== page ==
School librarians' self-efficacy in the multiple literacies : a mixed-methods study
Weber, Kristina J.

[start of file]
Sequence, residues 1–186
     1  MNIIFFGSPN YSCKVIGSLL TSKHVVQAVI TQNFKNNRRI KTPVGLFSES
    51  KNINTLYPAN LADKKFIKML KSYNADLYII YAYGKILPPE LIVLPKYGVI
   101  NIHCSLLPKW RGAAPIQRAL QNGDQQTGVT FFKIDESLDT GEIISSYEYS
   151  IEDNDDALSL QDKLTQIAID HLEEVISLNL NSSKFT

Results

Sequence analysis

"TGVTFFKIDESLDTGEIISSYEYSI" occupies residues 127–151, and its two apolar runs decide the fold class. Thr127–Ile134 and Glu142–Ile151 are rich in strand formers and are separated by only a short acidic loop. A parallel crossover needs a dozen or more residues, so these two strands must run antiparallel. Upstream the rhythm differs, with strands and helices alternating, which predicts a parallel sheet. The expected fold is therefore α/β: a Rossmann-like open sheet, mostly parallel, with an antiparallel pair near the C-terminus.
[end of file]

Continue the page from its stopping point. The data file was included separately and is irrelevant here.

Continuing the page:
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The purpose of this sequential explanatory mixed-methods study was to investigate school librarians' self-efficacy in the multiple literacies. This study was conducted to develop an understanding of the role of librarians in the multiple literacies, and what they feel has an impact on their capacity to implement multiple literacies practices. Research Question 1 asked, What are the self-efficacy beliefs of school librarians with regard to the teaching of the multiple literacies? Research Question 2 asked, How do school librarians describe their self-efficacy beliefs and experiences in the multiple literacies? Mixed-Methods Research Question: In what ways does the qualitative interview data of school librarians' self-efficacy beliefs and experiences in the multiple literacies help to explain the overall results of the quantitative data on librarians' self-efficacy beliefs? A total of 117 librarians provided responses to a survey that addressed this research question. The sample was primarily female (94.9%), with a majority (57.3%) working in high schools. With the exception of one participant who was under 30, the ages of participants were evenly distributed from 30 to over 58 years old, and the majority (52.1%) had over 11 years of experience. According to the results of an ANOVA analysis, age and experience did not make a difference in the self-efficacy beliefs of participants with regard to teaching multiple literacies. ii This indicated that librarians of all ages and levels of experience felt similarly self-efficacious across multiple literacies domains and across demographic grouping in their abilities to use and provide instruction in the multiple literacies. This differed from Koenig and Eagly's view that school librarian stereotypes are rooted in fact. The second research question reflected the qualitative phase of this study. Five participants were selected from the total sample of 117 librarians to participate in semi-structured interviews for this phase of the study. The results of the qualitative portion of this study reveal that the themes of: (1) Socialization and (2) Performance occurred during participant interviews. Subthemes observed in this study include: (1A) social persuasion, (1B) engagement, (1C) physiological factors, (2A) experience, and (2B) modeling. The theme of Socialization was the most prevalent during respondent interviews, indicating that perceptions of self-efficacy more significantly focused on social observations and beliefs than actual performance measures. In spite of widespread under-recognition and underuse related to multiple literacies instruction, librarians remained steadfast in their self-efficacy beliefs in this area. Formal education and training, along with success experiences with students bolstered participants' self-efficacy beliefs with regard to instructing in the multiple literacies. However, an overwhelming response was that these abilities are not sufficiently recognized and used in their schools. The findings of this study highlighted the valuable resource librarians represent, and their potential to enhance student learning and mastery of the multiple literacies.